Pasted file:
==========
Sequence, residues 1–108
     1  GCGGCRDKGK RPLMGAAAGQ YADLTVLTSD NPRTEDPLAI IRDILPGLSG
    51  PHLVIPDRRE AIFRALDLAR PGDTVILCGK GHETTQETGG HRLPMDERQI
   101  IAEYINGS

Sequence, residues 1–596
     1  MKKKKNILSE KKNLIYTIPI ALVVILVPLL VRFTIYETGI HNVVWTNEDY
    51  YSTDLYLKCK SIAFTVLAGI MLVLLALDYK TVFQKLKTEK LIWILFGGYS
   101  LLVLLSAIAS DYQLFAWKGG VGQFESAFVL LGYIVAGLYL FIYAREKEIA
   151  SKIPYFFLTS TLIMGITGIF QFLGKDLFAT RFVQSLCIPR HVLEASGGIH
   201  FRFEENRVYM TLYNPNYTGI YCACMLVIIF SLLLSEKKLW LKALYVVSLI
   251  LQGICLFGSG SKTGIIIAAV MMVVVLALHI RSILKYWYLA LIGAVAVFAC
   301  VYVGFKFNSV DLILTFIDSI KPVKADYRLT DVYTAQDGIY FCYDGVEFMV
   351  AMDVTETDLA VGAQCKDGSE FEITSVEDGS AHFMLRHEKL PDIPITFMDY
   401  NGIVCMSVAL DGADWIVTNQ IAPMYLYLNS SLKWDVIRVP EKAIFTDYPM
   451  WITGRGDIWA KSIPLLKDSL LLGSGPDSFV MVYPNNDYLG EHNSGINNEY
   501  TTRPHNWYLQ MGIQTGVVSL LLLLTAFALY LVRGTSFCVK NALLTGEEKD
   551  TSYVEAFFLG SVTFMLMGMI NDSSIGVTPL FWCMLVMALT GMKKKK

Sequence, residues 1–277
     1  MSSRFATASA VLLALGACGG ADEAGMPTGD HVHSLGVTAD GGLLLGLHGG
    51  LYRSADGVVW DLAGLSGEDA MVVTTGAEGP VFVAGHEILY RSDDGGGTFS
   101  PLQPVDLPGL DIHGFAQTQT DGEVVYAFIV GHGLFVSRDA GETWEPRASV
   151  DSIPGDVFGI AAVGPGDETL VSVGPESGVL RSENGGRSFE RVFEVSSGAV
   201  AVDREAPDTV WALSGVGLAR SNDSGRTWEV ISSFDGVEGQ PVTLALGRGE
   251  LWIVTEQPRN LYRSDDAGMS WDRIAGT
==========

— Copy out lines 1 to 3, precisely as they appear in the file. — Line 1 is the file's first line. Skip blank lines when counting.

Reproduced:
Sequence, residues 1–108
     1  GCGGCRDKGK RPLMGAAAGQ YADLTVLTSD NPRTEDPLAI IRDILPGLSG
    51  PHLVIPDRRE AIFRALDLAR PGDTVILCGK GHETTQETGG HRLPMDERQI